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    Arlington, VA
  1. Are you sure you're thinking of Tosca, or was it the lunch you went to? When I was there last summer for RW, the whole menu was available, but some items had a slight surcharge. You could even choose smaller portions of their pastas as an appetizer, or have a larger portion for the main course. I'll be going back again this time. ← I remember the entire menu being part of Restaurant week. There were one or two items that had a suppliment (foie gras was one of them).
  2. La Cusine in Alexandria does a very good job.
  3. Marcel's. They will not provide hip, but the who the hell cares, the food is some of tbe best in the city.
  4. Wide World is still in the wine storage business, but there is a Packers season ticket type of waiting list to get in. It is full, and no one is leaving.
  5. I believe that the Old Homestead is the second best steakhouse in New York (but by no means I have not been to all of them). I would say that Lugar's Steak is on a different plane, but everything else is better at the Old Homestead.
  6. Wide World of Wines in DC, the owner has been friends with Jonathan Krinn's father since before the fine Chef was born.
  7. A little more than a week ago I attended a 2000 First Growth Bordeaux dinner at 2941. The dinner was held on a Saturday night, and we had an amazing amount of Chef Krinn’s attention. It ranks as one of the best meals I have had anywhere. The dinner started with passed Hors D’Oeuvres and Champagne (1996 Gosset Grande Millesime). There were three different Hors D’Oeuvres; smoked trout on a potato chip, tuna on a crisp, and a crab cake. I had never been much of a fan of smoked trout, and had I known that it was what was being offered I would have missed a wonderful dish. It was neither overly smoky, nor fishy like I find most smoked trout, but meaty with a hint of smoke. The tuna was pure and clean, and the crisp was unobtrusive. The crab cake was on par with some of the best I have ever had. These were small one bite wonders with no filler and filled with an intense crab flavor. Poached Maine Lobster and a Duo of Foie Gras 2001 Rieussec and 2001 Sunduiraut The lobster cooked perfectly and was served with a sauternes reduction. The lobster was rich, and delicate. The foie gras was a torchon and a piece of sautéed lobe. Both were perfectly prepared, and the sautéed lobe was as good if not better than what Nectar had put out (and that is my previous bench mark for great foie). The Torchon was smooth, and rich. The dish was also served with an exotic fruit confit that brought a wonderful foil to the fattiness of the foie. While these wines were not 2000 Bordeaux they did represent some of the best Sauternes released in many years. The Rieussec was a complex wine filled with an abundance of tropical fruits, honey, and spicey with enough acid to provide balance to the botrytis sweetness of the wine. It is better than any Y’Quems I have had in the past. Herb Roasted Australian Kangaroo with Yukon Potato and Bacon Confit 2000 Leoville Barton and 2000 Leoville Las Cases I had never had kangaroo before this dish, and was not sure what to expect. Since it contains almost no far, it was prepared very rare. The meat was rich and tender. I look forward to trying kangaroo again. The bacon confit was not really a bacon, but a pork belly cooked in pork fat. The fat delightfully crispy, and the meat was succulent. The potato was also a confit, that was soft and buttery. These wines are not first growth, but they were spectacular. I thought that the Barton was the better of the two wines. Neither will be ready to drink for many more years (but before any of the first growths). Marinated Roasted Squab and Venison Rack with Morel Custard and Blackberry 2000 Lafite Rothschild and 2000 Margaux Squab is not one of my favorite foods. The only thing I generally find positive about it is that the world has one less pigeon crapping on my car. Chef Krinn’s preparation of Squab was very good. The marinate was red wine based and had a hint of cloves and allspice. The bird was cooked so that the skin crisped up and the meat was still on the rare side. As far as squab goes it was quite lovely. The venison had a delicious slightly gamey taste to it, and was cooked rare. It was served with a cherry and blackberry sauce. The meat and sauce were a perfect complement to one another. The morel custard was packed with bits of morel, and had ample flavor of the fungi in the custard itself. Both of these wines were intense and still quite tight. They had been double decanted with four hours in the decanter. It was obvious that they were both maturing into beautiful wines. The Margaux was delightful, and had as much fruit as the blackberry cherry sauce. The Lafite was good but not as good as it was during a pre-release tasting. Wagyu Beef Tenderloin and Chopped Tartare 2000 Latour and Mouton Rothschild The Wagyu that 2941 uses is from a herd of cattle in Texas that is 100% Wagyu with no crossbreeding with other breeds (most American Wagyu have been bread with Angus). The tenderloin was simply cooked, just a little salt and pepper. It needed nothing more, as it was a rich and beautiful meat. The tartare was a chopped version of the tenderloin with small pieces of roasted bell pepper and a drizzle of mustard oil. The heat that the oil provided spurred debate about where it came from, some thought that it had hot peppers thinking that the roasted bell peppers were Jalapeño. Others thought that it was horseradish. Finally Chef Krinn answered the question. While these two wines are still young and tight, they did exhibit wonderful potential. After four hours of decanting the fruit was starting to show, and surprisingly the Mouton was showing better than any of the other first growth. This is in stark contrast to the way Mouton tasted at pre-release, where it was a disappointment. Quartet of Artisanal Cheeses 2000 Haut Brion and 2000 La Mission Haut Brion The presentation of these cheeses was beautiful. The four cheeses were matched with a matching accompaniment. The cheeses were: Gaperon, Vella Dry Monterey Jack, Tomme de Savoie and Montbiac. I would give more details about what each was accompanied with but I cannot remember. The one exception is that the Jack was served with a “mole” of bitter chocolate, chili peppers, and chopped pumpkin seeds. This was not a sauce, but more of a confection. These wines were very elegant, and like I expected the La Mission Haut Brion was showing better than the Haut Brion. I believe that high level of merlot in these wines makes them a little more accessible sooner than the cab heavy wines. As a bonus when we all retired to the bar to figure out how we were going to get home, one of the other guests purchased a 1963 Fonseca Port. I had never had a port with this kind of age on it. Now I am going to have to seek out more of them. The nose was a wonderful mixture of spicy cedar and chocolate, with hints of licorice. The finish seemed to last forever. One of the other guests decided to be a pain in the ass and eat like a vegetarian (he as scared off by some of the "non-traditional" elements of teh meal). They gracously provided these dishes to him. The two dishes that I remember was an herb risotto that was as good as any risotto I had ever tasted. The other was a mushroom ravioli on a bed of lentels. Apparently most of the mushrooms were porcinis. While he let me try the risotto, he would not give up any of the ravioli.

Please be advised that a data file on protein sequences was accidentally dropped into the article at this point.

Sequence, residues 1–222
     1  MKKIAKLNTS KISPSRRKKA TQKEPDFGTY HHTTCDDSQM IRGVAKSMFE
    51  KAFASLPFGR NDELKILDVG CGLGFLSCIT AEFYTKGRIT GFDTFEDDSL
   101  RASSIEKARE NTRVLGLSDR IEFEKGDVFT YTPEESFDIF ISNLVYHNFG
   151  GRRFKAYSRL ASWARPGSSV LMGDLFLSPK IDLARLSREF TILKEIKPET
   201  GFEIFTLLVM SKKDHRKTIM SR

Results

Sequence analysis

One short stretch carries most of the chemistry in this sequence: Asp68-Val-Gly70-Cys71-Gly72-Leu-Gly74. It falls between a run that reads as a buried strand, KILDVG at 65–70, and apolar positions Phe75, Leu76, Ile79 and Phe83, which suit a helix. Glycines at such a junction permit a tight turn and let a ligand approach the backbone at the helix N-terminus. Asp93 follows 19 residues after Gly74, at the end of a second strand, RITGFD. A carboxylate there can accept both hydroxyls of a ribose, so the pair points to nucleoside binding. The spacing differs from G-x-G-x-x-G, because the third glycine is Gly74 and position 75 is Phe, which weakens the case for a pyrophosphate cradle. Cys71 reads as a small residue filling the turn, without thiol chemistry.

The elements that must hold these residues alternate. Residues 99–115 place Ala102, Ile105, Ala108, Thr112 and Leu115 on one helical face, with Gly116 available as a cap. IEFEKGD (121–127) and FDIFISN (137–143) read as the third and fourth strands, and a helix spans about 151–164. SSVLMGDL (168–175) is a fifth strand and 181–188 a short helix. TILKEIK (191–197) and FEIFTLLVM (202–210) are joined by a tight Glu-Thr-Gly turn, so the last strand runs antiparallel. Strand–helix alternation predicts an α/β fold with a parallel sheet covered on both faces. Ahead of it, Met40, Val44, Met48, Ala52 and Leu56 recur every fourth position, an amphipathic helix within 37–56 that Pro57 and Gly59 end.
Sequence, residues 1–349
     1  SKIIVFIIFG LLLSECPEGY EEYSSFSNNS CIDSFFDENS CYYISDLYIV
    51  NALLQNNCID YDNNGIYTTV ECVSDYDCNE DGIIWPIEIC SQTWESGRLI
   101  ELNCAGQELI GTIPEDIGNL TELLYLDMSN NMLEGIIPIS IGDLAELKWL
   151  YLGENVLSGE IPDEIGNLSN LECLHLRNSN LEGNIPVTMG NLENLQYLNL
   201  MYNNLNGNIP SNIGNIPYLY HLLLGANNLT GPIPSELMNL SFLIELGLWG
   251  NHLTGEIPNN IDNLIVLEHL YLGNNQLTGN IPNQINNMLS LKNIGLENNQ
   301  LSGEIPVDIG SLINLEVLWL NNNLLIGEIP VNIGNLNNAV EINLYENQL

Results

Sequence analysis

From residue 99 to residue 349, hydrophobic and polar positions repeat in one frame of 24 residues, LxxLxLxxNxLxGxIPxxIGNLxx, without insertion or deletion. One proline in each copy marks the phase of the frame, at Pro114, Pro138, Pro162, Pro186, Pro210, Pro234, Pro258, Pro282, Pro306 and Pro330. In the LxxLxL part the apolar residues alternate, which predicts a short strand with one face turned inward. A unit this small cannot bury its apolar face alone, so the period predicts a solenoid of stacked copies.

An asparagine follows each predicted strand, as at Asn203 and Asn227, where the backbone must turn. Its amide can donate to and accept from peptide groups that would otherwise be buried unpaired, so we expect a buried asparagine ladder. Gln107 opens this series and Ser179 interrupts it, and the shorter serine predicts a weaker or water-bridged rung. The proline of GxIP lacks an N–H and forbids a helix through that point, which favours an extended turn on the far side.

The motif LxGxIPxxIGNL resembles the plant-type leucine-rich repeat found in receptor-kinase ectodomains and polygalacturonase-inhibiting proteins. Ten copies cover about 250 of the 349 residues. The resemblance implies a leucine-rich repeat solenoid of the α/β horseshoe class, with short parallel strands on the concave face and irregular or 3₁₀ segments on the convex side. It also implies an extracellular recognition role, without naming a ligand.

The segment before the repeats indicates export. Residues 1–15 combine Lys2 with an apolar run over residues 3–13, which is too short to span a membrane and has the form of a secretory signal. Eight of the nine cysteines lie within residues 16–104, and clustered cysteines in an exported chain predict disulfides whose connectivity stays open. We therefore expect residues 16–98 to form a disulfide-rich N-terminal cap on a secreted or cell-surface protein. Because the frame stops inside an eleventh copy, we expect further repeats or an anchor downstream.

8. On Saturday I had Beef Tartare at 2941. It was made with a Waygu tenderloin. Chef Krinn came and told us about the beef that he uses, he also brought a piece of the tenderloin. Apparently the herd that he buys his meet from is a pure breed of Waygu (while others have been bred with Angus), and they only sell to three chefs (Trotter and Boulan being the others). The tenderloin was marbled like a piece of prime strip or ribeye. He mixed the diced meet with roasted green pepper and mustard oil. I am not sure how to best describe this dish. It was clean, simple, and perfect.
  9. I would debate whether there really is a "Maryland Style" crabcake. Everyone has a different way to make them. The one's at G&M and The Prime Rib are filled with huge lumps, but they are very different in style. Joe H. will have to chime in about the Narrows, but I remember him saying that they were made with lump as well. I would agree that the crabcakes at Oceanaire are one of the best in the area, but I still think that The Prime Rib has them beat, but not by much.
  10. Those clams even look like they smell nasty.
  11. And to think of the horror of trying to clean all that white if someone pukes all over one of the tables.
  12. ← Wear lots of over priced black and look down your nose at people who dare to wear less expensive black, all the while drink the new hip drink whether you like it or not.
  13. I once had a bone marrow flan at Melrose. I am not sure if it is a regular item on the menu. It was amazing, and much easier to eat than regular marrow.
  14. Thanks for moving this to the top fo the list, lossing Nectar was like getting dumped by your highschool sweetheart, now you brought back all of the painful memories Well just thinking of the foie makes it all better.
  15. Yes, Playtex makes gloves, and they have nothing to do with feminine hygiene. It would have been more accurate for him to say "If they are allergic to latex gloves..." Since all Playtex gloves are latex, but not all latex gloves are Playtex.